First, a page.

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June 18 2019

The issue with recruitment chat bots casting a wide net

Artificial Intelligence (AI) is a rising trend within the recruitment industry. Whether you are an in-house or an agency recruiter, your success is dependent on quickly and effectively identifying, engaging and ultimately, hiring the best possible candidates. AI recruitment tools are often used to reduce hiring bias in instances where a human recruiter may be prone to unconscious bias. These tools are also believed to improve processes, making them more efficient and overall, they are seen to enhance the recruitment industry.   

However, issues can arise when the human element of recruitment is removed, as Amazon found out to their cost.  Amazon’s AI tool automatically discounted female applicants for technical and developer roles.  While Amazon cannot be fully blamed - the tool used 10 years’ worth of recruitment patterns within the tech industry, which is typically male-dominated - the lack of human intervention made it a costly mistake as the tool had taken over a year to develop.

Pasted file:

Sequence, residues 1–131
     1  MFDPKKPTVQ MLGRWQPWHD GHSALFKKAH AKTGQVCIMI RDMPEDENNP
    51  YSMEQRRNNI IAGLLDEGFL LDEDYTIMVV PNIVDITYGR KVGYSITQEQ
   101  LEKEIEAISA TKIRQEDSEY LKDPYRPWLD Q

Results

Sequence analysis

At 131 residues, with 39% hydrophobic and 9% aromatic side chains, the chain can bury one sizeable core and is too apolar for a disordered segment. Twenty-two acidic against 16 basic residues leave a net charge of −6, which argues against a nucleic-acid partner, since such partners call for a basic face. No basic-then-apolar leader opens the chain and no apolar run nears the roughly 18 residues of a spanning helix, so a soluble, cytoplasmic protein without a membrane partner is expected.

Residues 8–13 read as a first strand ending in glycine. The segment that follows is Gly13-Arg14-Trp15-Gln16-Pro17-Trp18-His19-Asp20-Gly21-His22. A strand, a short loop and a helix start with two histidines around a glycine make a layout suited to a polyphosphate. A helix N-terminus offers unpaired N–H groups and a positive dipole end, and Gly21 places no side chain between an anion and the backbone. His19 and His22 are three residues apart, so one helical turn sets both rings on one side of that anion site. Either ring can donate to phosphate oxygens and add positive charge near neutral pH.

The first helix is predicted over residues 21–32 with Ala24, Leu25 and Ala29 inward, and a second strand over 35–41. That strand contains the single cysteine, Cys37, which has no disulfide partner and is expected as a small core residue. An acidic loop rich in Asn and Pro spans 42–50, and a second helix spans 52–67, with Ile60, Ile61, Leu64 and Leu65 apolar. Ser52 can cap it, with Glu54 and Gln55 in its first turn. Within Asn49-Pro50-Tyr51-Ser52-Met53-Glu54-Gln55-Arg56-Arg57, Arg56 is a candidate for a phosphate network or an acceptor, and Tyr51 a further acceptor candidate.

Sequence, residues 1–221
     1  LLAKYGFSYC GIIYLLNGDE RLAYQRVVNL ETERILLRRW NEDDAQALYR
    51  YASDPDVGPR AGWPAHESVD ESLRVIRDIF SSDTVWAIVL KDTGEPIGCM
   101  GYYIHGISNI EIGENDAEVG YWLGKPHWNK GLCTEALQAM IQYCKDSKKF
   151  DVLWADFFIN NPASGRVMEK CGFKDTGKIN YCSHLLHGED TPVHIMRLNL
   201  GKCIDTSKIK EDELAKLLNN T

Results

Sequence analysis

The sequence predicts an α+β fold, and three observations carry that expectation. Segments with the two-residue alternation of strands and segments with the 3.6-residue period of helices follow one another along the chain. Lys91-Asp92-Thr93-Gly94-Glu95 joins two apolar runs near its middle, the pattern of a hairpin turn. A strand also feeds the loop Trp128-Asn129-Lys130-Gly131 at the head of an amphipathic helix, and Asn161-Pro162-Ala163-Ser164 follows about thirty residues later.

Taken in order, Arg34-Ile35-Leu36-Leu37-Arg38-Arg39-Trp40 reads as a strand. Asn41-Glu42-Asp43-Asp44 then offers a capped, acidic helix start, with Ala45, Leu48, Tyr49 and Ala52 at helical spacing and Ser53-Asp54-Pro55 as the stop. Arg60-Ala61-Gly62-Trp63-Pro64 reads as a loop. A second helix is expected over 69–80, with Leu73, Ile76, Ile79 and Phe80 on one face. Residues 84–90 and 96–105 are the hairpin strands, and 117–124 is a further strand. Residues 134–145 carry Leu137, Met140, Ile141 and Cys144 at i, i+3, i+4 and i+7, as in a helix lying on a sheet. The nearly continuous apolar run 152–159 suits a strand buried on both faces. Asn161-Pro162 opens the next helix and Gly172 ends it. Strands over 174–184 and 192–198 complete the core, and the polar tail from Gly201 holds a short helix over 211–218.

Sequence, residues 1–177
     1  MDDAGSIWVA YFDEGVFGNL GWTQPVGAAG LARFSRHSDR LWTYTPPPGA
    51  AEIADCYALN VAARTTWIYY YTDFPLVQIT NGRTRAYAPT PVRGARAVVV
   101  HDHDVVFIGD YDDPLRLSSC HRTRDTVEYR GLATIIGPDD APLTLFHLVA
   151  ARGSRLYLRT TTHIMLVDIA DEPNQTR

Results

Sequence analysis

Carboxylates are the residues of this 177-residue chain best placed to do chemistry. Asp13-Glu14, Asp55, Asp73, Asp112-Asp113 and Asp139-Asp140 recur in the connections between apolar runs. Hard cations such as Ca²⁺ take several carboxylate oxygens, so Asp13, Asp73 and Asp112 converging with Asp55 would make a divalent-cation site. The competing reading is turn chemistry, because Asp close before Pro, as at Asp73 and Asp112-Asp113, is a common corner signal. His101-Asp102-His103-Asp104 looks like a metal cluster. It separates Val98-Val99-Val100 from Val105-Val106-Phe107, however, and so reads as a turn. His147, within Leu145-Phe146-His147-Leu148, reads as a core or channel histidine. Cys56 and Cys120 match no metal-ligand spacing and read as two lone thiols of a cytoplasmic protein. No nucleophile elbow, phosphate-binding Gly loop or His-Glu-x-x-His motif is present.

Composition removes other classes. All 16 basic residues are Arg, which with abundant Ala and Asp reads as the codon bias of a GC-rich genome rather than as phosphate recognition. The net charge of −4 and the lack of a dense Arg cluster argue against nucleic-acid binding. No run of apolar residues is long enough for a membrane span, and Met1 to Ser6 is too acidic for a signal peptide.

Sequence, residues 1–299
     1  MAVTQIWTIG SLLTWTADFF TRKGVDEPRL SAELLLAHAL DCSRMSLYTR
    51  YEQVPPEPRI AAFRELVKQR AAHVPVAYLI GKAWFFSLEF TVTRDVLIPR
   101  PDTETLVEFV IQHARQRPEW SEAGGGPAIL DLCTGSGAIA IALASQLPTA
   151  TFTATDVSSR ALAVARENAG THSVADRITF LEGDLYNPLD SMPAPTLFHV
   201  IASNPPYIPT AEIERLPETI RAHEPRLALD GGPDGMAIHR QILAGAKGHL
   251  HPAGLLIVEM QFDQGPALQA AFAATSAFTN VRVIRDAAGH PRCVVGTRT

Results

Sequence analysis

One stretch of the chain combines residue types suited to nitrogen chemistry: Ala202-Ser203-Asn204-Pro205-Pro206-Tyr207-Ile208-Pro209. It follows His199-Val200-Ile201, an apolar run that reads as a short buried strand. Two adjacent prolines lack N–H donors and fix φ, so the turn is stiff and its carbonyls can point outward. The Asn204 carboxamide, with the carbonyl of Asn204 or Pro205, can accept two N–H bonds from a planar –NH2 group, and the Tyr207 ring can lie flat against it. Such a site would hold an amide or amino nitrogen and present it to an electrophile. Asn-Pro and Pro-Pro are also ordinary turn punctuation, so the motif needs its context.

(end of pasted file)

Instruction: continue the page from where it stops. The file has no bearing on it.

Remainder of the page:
More recently, LinkedIn has been criticised for its use of recruitment chatbots. A nonsense LinkedIn profile was created to see if something fishy was going on with their automated recruitment tool.

Despite living in an underwater pineapple, and bearing a profile picture of a fish, ‘Mr. Sea Bream’ was offered a job due to his “impressive background” in software development.

Such cases only highlight the importance of the human element in the recruitment industry.  As Garry Kasparov, the chess grandmaster who became the first world champion to lose to a computer when IBM’s Deep Blue beat him in 1997, arguesa human with a machine would always beat the strongest machine”.  After all, the industry is led by people for people, and a recruiter’s role is to build relationships that are focused on human-to-human interactions.  At Verifile, we’re committed to ensuring that every one of your employees is everything they claim to be and nothing fishy is going on. Trained humans are checking every single case we verify, and often more than one individual reviews each case.